Google 2007 in 12 Pictures

My favorite is September (of course).

Google 2007 in 12 Pictures:

This year Google launched less products than in the past, but its initiatives had a much bigger impact and a great deal of importance for the future.

Google is the best company to work for, according to Fortune. Google “sets the standard for Silicon Valley: free meals, swimming spa, and free doctors onsite. Engineers can spend 20% of time on independent projects. No wonder Google gets 1,300 résumés a day.”

Google Apps Premier Edition launches for business users who want to use Google’s services and get support, uptime guarantee for email and an integration with their current infrastructure. For $50 a year, you got 10 GB for Gmail, Calendar, Docs&Spreadsheets, Google Talk, Page Creator and a personalized homepage. Since then, Gmail’s storage increased to 25 GB and Gmail started to support IMAP, Google Docs added a presentations application, Google Apps got message recovery via the Postini acquisition and Google intends to add more apps in the feature.

This year Google added the personalized search feature to all users and started to use information from your profile to disambiguate queries, to better tailor search results to your preferences and to provide recommendations. But Google also wanted to feel more at home when you visit the personalized homepage, so it added themes (and easter eggs too).

Google buys DoubleClick, a display advertising company, for $3.1 billion. The acquisition hasn’t been finalized as regulation committees need to evaluate the impact on the online industry and whether Google is about to become a monopoly.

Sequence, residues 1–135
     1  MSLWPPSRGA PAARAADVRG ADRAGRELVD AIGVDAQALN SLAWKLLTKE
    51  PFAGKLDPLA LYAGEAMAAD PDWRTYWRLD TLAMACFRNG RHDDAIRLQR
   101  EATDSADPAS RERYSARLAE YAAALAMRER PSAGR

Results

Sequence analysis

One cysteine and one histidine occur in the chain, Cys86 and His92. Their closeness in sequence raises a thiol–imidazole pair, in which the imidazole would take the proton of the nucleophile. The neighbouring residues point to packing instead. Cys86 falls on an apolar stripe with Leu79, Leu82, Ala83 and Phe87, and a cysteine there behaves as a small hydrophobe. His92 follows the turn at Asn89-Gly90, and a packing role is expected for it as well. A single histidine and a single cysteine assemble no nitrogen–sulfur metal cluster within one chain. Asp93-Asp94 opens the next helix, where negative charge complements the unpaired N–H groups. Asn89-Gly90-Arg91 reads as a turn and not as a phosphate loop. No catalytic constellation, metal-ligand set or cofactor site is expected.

Universal Search is the biggest upgrade since Google launched its search engine. By providing an unified ranking mechanism for web pages, images, videos, news and books, Google is now closer to the model of a single search box that lets you find everything. Google will continue to add results from other specialized search engines and to include more searchable information.

In May, Google also launched street view for a small number of locations in the US.

Google acquires GrandCentral, an innovative service that links all your phone numbers and gives additional features. “Grand Central is an abstraction of phone service. (…) It sits on top of your phone service – cell, pots, skype, whatever you have, and adds features by being in front of your phone service,” explains an interesting blog post.

Web pages are now updated much faster, especially if they’re news article, blog posts or if they have feeds.

Google Earth adds a sky view that lets you explore stars, constellations, galaxies.

In a rather surprising move, Google started to use traditional advertising to promote GOOG-411, a free directory assistance launched this year.

(Creative Commons, photo by Steve Rhodes)

Google’s machine translation system is now live for all the languages available at Google Translate. In many cases, the translation is more accurate and Google promises to add more languages in the future.

Google Phone turned out to be a mobile platform called Android and the first phone that runs Android will be available next year. For now, we can enjoy Google’s growing list of mobile apps and wonder if they’ll win the bid for the 700 MHz spectrum in US.

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